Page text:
But I also read Mike Huckabee’s big foreign policy speech, delivered before anyone was paying much attention. While it’s easy to be annoyed by his folksy style and somewhat inane analogies, and the focus on the minutiae smacks of someone who feels compelled to display his new-found learning, there’s nonetheless evidence that he’s not the Jimmy Carter retread that some fear he is. There is, for example, this evidence of what I’d call (and have called) Kantian realism:
My goal in the Muslim world would be to correctly calibrate a course between maintaining stability and promoting democracy. It’s self-defeating to try and accomplish too much, too soon – you’d just have elections where extremists end up winning – but it’s equally self-defeating to do nothing.
Even a Kantian commitment to principle does not require "premature" action. The prudence Kant encourages includes waiting for the moment.
Then there’s the context of a passage that our friends at NRO don’t like:
It’s an enemy that’s conducive to being tracked down and eliminated using the CIA and Special Forces and special operations. We can accomplish a great deal. We can achieve tremendous bang for the buck with swift, surgical air strikes and commando raids by our elite units, as we’ve recently done with the Ethiopians in Somalia. These operations are impossible without first-rate intelligence.
When the Cold War ended, we cut back on our intelligence, just as we cut back on our armed forces, and both have come back to haunt us. As president, I’d like to beef up our human intelligence capacity, both the operatives who gather the information as well as the analysts who figure out what it means. I’d rather have more people in Langley so we can fewer in Baghdad.
Taken out of context, the last sentence does indeed lend itself to the conclusion that Governor Huckabee "seems to think intelligence analysis from afar can be a substitute for combat power on the ground." But note that his point is for the intelligence to be good enough to be actionable, using military force. Robert D. Kaplan might have said it better, but the point is the intelligent use of military force.
Reading what the NRO editors said about Huckabee’s views of Iran, you’d never know he’d said this:
The administration has quite properly said that it will not take the military option for Iran off the table. Neither would I.
Both al Qaeda and Iran seek not just to dominate Israel, but to destroy her and to control the Palestinians. The Huckabee administration would not waver nor flinch in standing by our ally, Israel. The difference in America’s mission is that al Qaeda must be destroyed as a movement, while Iran just has to be contained as a nation.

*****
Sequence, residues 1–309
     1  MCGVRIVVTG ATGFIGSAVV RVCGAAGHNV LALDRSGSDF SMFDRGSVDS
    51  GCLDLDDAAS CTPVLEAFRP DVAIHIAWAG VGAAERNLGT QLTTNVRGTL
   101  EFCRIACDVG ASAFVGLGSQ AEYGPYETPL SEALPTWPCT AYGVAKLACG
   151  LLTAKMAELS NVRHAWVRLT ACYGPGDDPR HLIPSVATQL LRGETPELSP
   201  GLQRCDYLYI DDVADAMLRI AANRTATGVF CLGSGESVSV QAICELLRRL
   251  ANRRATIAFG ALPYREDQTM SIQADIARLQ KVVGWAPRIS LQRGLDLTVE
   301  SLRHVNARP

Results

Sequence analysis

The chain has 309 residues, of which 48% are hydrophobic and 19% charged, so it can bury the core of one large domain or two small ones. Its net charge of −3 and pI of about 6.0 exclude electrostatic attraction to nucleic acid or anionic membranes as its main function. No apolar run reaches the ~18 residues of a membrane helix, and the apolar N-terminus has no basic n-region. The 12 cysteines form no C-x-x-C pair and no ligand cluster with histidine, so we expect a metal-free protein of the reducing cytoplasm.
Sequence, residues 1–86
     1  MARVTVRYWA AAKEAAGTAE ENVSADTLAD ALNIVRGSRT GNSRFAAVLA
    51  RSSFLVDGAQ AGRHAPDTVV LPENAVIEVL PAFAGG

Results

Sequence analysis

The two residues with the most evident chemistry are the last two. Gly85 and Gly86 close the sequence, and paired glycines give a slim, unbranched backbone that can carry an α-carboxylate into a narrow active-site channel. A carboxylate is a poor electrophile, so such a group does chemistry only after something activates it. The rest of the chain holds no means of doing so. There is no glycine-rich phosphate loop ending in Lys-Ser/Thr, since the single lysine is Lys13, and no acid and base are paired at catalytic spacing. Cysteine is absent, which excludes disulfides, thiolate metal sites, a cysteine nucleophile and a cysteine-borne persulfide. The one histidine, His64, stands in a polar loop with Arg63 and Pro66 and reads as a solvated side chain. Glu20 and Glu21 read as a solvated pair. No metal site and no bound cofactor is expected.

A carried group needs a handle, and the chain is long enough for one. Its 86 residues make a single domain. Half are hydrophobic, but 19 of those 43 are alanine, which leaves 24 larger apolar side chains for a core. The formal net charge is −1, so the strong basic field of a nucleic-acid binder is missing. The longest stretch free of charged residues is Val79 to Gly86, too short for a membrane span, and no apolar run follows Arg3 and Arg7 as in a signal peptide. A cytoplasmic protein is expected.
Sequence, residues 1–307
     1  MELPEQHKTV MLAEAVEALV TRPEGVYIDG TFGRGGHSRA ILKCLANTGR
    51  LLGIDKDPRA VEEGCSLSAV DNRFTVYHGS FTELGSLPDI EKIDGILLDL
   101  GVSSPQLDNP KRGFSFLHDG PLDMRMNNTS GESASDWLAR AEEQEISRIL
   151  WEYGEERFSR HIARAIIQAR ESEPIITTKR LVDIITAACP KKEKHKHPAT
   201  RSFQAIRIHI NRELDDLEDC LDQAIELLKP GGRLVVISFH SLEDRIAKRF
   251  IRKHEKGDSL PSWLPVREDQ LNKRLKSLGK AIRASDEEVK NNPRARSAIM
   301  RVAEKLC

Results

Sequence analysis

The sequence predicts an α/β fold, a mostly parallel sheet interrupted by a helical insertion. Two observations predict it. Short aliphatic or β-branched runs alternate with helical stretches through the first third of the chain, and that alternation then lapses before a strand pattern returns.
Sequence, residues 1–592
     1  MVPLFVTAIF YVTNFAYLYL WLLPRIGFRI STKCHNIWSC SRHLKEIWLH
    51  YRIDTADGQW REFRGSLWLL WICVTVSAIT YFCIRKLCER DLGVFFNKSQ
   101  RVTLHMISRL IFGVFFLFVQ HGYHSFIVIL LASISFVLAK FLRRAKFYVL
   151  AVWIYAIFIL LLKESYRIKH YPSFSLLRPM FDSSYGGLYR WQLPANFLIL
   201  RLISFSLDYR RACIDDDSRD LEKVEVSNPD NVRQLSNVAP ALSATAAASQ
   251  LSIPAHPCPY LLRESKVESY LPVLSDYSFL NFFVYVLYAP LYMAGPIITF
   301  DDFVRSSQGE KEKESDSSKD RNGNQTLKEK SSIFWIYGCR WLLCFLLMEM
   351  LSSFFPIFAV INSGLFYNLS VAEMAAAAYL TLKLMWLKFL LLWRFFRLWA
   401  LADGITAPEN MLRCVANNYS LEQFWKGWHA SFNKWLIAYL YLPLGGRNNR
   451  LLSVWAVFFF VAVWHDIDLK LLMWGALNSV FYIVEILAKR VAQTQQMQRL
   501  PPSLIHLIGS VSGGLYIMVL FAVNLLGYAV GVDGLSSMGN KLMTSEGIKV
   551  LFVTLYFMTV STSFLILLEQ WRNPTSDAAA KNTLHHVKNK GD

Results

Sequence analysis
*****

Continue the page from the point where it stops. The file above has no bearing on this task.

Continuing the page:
So how do we achieve that? Well, to contain Iran, it’s essential that we actually win in Iraq.
And while there can be no rational dealings with al Qaeda, Iran is a nation-state looking for regional power. It plays the normal power politics that we do understand, and can skillfully and rightfully pursue.
Yes, he’s unfair to the Bush Administration (is there a candidate other than McCain who isn’t?), but this isn’t Dailykos verbiage. Huckabee may lean a little too much in the neo-realist soft power direction, and his unguarded responses may be a better indication than a prepared speech, but he knows who our friends and enemies are, and the passage that NRO quotes to criticize him is prefaced by a remark that isn’t quoted:
The wisdom of Sun-Tzu, from nearly 2,500 years ago, is relevant today: Keep your friends close; keep your enemies closer. We haven’t had diplomatic relationships with Iran in almost 30 years, most of my entire adult life, and a lot of good it’s done. Putting this in human terms, all of us know that when we stop talking to a parent, or a sibling, or even a friend, it’s impossible to resolve the differences to move that relationship forward. Well, the same is true for countries. Our experience in Iraq should prove a valuable lesson for Iran.
Adding the italicized sentence makes him seem a little less naive. Leaving it out makes it easier to make the charge of naivete stick.
I’ll end where Governor Huckabee ends:
Our history has always been one of perseverance from the snows of Valley Forge to the flames of 9/11. Our way of life, our economic and moral strength, our civilization, is at stake. I’m determined to look this evil in the eye, to confront it, to defeat it, and to emerge stronger than ever. All of us, I think, would like to be known as peace lovers, but I would remind you, from the words of Jesus, that it’s not “blessed are the peace lovers,” it’s “blessed are the peace makers.” And that’s what we should commit to being.
This comes perilously close to what might be called genuine Christian realism, not the ersatz variety peddled by Jimmy Carter. Huckabee knows that we have enemies, knows that they can’t or won’t become friends anytime soon, knows that there is a military option, and knows that a military option isn’t plausible without a healthy (and expanded) military.
This isn’t a perfect speech. As I said above, it wears its new-found wonkery a little too heavily. And even then, contrasts are drawn without adequate nuance. But Governor Huckabee says many of the right things. If I go by what he says, I can’t yet rule him out.